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Some
SmartGrid

Challenges

Where Can Wind Power be Sited?

NREL, 2008

© Advanced Power and Energy Program, 2009

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Some
SmartGrid

Challenges

Solar Power ~coincident with peak


but clouds cause problem

SunPower, Inc., 2008




© Advanced Power and Energy Program, 2009

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Some
SmartGrid

Challenges

Solar Power ~coincident with peak


but clouds cause problem

SunPower, Inc., 2008




Output from Nevada 70 KW array

© Advanced Power and Energy Program, 2009

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Some
SmartGrid

Challenges

Real Grid Disturbance Example:



In Texas on Feb. 26, 2008 wind power dropped 1200MW in
10 minutes



The disturbance was registered throughout the U.S. and as
far as Manitoba!



Blackouts were avoided by massive load shedding by
industrial customers


© Advanced Power and Energy Program, 2009

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Some
SmartGrid

Challenges

Vehicle battery use

for grid support

(“V2G”)


Interconnection


Controls


Battery Life


Vehicle Assignments by Participating Entity
0
2,000
4,000
6,000
8,000
10,000
Canon
Orthodyne
Thales
iMonitor
CTG
ORA
UCI Vanpool
UCI
UCI SL
Participating Entity
Number of Vehicle-Days
1
5
6PP
207
225
226
237
245
250
400
401
402
535
636
673
674
810
826
915
916
917
919
965
990
991
Vehicle ID
Average Hourly Charging Energy Consumed by Entity
0
2
4
6
8
10
12
0
1
2
3
4
5
6
7
8
9
10
11
12
13
14
15
16
17
18
19
20
21
22
23
Hour of Day
Average Charging kWh Consumed
UCI Vanpool
UCI SL
UCI - APEP
Thales
Orthodyne
ORA
iMonitor
Canon
UCI Mobility &

Charging Data

(from ZEV•NET)


Charging profiles w/o

“Smart Grid” are not

encouraging

© Advanced Power and Energy Program, 2009

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Some
SmartGrid

Challenges

How does charging affect power demand?


Daily Charge Requirement for 40% PHEV60


30000
35000
40000
45000
50000
55000
60000
65000
70000
75000
80000
MW
1
2
3
4
5
6
7
8
9
10
11
12
13
14
15
16
17
18
19
20
21
22
23
24
Hour (1= 12am-1am)
How Does Charge Profile Affect System Load?
2007 Base Case
Ideal Valley Filling
EPRI Profile
Best Guess at Likely
ZEVNET Actual w/ OSC
ZEVNET Actual w/o OSC
© Advanced Power and Energy Program, 2009

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Some
SmartGrid

Challenges

Scaling
and
Evolution
are challenges


Opportunities for innovation at every level are huge


individual energy resources, novel optimization and control schemes,
technology for avoiding large
-
scale failures, accounting for
novel/failure conditions, security innovations/failures, efficiency
improvements, …


Magnitude of overall system is “mind
-
boggling” & growing


sheer number of resources, difficulty of measuring/sensing each, the
number of things that can/should be sensed, potential number of
coordination/management decisions, …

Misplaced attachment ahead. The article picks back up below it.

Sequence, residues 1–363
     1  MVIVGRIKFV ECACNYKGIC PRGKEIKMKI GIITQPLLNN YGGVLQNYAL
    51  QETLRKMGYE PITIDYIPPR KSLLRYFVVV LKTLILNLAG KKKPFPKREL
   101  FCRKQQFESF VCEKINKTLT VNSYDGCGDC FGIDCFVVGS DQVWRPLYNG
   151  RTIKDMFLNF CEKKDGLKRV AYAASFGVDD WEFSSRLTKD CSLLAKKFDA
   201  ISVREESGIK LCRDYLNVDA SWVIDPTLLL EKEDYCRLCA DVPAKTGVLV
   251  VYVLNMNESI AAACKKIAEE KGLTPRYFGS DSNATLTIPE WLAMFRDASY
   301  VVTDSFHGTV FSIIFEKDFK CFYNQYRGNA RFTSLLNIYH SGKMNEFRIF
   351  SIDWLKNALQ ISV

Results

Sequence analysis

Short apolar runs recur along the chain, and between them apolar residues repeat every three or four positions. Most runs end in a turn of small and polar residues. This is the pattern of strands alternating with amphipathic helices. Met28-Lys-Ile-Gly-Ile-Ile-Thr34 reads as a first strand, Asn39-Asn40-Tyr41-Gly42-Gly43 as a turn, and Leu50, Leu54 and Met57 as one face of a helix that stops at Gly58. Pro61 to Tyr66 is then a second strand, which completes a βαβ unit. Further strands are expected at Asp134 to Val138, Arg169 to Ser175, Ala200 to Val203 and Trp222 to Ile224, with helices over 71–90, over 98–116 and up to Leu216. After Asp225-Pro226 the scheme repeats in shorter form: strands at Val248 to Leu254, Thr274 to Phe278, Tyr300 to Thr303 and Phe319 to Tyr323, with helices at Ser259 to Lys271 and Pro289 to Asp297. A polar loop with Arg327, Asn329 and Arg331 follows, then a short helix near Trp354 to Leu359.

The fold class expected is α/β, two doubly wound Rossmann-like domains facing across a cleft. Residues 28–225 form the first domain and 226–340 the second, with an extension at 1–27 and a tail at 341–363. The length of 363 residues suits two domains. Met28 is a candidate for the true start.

Need for continuous improvement and adaptation


self
-
adaptive, self
-
optimizing, self
-
healing systems


The production, transmission, storage, and use of electric
energy in the future will be fundamentally intertwined with
computation, control, and communications


© Advanced Power and Energy Program, 2009

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Outline


SmartGrid

Introduction


APEP
SmartGrid

Related Research


Energy Conversion Analyses


Dynamic Modeling


Sustainable Mobility


Energy Systems Integration


Grid Interaction/Interconnection


Some
SmartGrid

Challenges


Some
SmartGrid

Information Technology Needs

© Advanced Power and Energy Program, 2009

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/35

Some
SmartGrid

Information Technology Needs


Ubiquitous sensors


E.g., appliances, homes, cars, commercial buildings, lighting,
computers, industrial equipment and facilities


Smart Meters


Better cost information and billing


Manage power and information flow


Computational Power (decentralized)


Acquire and manage sensor data


Coordinate amongst parties


Make decisions


Robust Networked Communications (two
-
way)


Internet


Secure sub
-
networks?


Consumer Interface

© Advanced Power and Energy Program, 2009

34
/35

Some
SmartGrid

Information Technology Needs

Overarching
SmartGrid

IT Need:


Software architectures to enable decentralized communities
to interact in a dynamic future electric grid with high
efficiency, adaptability, reliability, security, and sustainability


New and diverse energy resources (generation, storage, transmission)
with idiosyncratic properties


Instantaneous capacity/production/consumption, intermittency, variability
due to weather or other exogenous forces


Decentralized framework with various authority regimes


Autonomous local behavior


Unilateral decisions detrimental to the grid must be accommodated


Marketplace must handle a myriad of individual, decentralized participants
in the network that is sufficiently coordinated to produce overall features


Ubiquitous & autonomous* with operating principles, security, and
processing that produces stability & reliability.

*NOTE: Modern two
-
way communications not fast enough to avert
widespread disruption due to local (intentional or accidental) bad action

© Advanced Power and Energy Program, 2009